Translate

Sunday, November 1, 2015

TWENTY YEARS DOWN THE ROAD -- October 31, 2015

Living in Manchester, Pennsylvania, any bike ride north will take you to, or near, the Susquehanna River.   Today's ride did just that.  The Susquehanna River flows south out of New York, through central Pennsylvania, and eventually into the Chesapeake Bay.   It is the boundary between York and Lancaster Counties.   York Haven, in northeastern York County, is located directly next to the river.   The first time I ever saw York Haven was in 1995.   Just after I was hired to teach at Northeastern Middle School I was taken on a tour of the school district by, then assistant superintendent, Dr. Fred Hainley.   

York Haven, Pennsylvania -- October 31, 2015
I will admit that my first impressions of York Haven were not good.   To a twenty-one year old, the town seemed run down.  With only one main street running through the town...there definitely wasn't much going on.  Today's ride took me down that street.  My mind went back to 1995....driving through the town.   I can still remember the conversation.  Dr. Hainley explained to me, with pride, about the town's past.   Founded in 1814, York Haven once was the home of  the York Haven Paper Company.   At the time it was built (1885), the York Haven Paper Company was the largest ground pulp paper mill in the United States.  The mill closed it's doors in 1971  due to cost cutting measures.    The next year the remnants of Hurricane Agnes severely damaged the empty mill.   Shortly after, it was torn down.  As a history teacher, I have much more appreciation of the town now than I did back then...and, riding my bike through it, I always imagine the possibilities for the community.  Maybe someday the industry will come back.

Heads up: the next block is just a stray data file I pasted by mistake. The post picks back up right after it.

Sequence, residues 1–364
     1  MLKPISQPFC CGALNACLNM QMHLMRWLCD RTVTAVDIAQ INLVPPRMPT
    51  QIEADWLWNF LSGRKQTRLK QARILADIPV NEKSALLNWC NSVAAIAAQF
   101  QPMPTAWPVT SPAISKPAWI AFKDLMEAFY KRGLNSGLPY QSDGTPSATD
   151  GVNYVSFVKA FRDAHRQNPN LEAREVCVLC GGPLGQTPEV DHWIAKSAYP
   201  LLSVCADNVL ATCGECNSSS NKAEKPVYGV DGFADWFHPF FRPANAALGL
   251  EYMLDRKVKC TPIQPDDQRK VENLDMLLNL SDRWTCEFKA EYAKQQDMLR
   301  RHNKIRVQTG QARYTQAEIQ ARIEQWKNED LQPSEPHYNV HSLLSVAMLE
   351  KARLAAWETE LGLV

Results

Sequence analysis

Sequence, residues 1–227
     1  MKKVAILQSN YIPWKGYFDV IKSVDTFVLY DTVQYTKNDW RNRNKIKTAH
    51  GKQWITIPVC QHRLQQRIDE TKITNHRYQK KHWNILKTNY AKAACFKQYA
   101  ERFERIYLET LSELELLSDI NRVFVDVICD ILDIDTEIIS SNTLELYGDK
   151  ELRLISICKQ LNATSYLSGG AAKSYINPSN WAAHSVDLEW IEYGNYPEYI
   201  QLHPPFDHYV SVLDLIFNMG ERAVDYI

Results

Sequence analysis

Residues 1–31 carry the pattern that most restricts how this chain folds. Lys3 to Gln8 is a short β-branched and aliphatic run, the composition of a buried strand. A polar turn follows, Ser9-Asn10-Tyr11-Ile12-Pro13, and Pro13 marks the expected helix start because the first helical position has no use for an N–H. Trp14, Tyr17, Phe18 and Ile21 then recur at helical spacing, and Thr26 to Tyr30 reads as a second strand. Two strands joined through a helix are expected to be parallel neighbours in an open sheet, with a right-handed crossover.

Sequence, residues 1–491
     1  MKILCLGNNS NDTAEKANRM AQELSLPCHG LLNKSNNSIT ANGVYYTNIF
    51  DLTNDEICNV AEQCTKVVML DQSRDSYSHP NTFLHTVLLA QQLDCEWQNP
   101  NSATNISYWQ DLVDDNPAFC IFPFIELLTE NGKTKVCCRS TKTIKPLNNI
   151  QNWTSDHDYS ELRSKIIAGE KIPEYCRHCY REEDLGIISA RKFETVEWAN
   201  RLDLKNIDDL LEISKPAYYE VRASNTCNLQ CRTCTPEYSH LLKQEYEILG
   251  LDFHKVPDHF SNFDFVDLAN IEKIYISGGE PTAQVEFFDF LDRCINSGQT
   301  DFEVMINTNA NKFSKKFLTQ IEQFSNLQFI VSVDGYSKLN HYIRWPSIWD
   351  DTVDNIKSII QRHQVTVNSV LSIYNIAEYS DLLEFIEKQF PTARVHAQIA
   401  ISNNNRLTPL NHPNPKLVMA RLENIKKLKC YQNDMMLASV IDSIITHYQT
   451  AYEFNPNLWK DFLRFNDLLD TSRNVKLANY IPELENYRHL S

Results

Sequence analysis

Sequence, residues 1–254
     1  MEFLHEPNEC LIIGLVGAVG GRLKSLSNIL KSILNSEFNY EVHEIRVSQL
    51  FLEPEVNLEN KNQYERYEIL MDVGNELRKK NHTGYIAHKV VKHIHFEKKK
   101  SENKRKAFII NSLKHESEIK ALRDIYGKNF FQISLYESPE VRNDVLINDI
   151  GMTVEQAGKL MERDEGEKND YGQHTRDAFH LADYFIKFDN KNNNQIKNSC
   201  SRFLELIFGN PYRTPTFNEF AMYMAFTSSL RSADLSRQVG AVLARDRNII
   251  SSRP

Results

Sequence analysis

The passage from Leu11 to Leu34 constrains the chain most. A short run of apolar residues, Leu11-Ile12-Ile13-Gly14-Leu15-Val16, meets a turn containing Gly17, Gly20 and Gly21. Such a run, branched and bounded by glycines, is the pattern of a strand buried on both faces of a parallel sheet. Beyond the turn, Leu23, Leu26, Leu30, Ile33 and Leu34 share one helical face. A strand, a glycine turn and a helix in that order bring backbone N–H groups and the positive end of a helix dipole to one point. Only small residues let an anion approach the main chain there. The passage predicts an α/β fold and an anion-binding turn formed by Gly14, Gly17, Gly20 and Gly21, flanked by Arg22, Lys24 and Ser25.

The Susquehanna River and Three Mile Island Nuclear Power Plant -- October 31, 2015

A view of Three Mile Island Nuclear Power Plant from Grandview Road -- October 31, 2015
Riding out of York Haven a view of the Susquehanna River and Three Mile Island nuclear plant opens up.   I can still remember the first time I saw the power plant.  It was the same day I saw York Haven for the first time.   When Dr. Hainley turned the corner and I saw the towers I practically jumped through the roof of his Dodge Caravan.  I couldn't believe my eyes.   Today, it is just part of my normal landscape. Most of the kids I teach in my history classes have never heard of the 1979 accident that nearly rendered the area uninhabitable.  Time moves on.

River Drive headed northwest out of York Haven -- October 31, 2015
A beautiful day to be out riding.   Cragmoor Road west of York Haven --October 31, 2015
On that August day in 1995, Dr. Hainley drove me and a few other new teachers around the remainder of Northeastern School District.   Mostly a lot of back roads and farmland.  I remember thinking, "Where am I?"  "There's nothing to do here!"  It's so funny how perception and perspective changes over time.  Today I pedaled some of those very same roads back to my house.  Today, there is some much to do here.  So much for me to see. So much to appreciate.    Today I know exactly where I am....I'm home.

Life is a journey...not a destination.

David A. Raymond  -- October 31, 2015
Be sure to check out the new website for ALL TRAILS LEAD TO ICE CREAM to see all of our ride pics, trail maps, favorite ice cream stops, and a whole lot more!
  




No comments: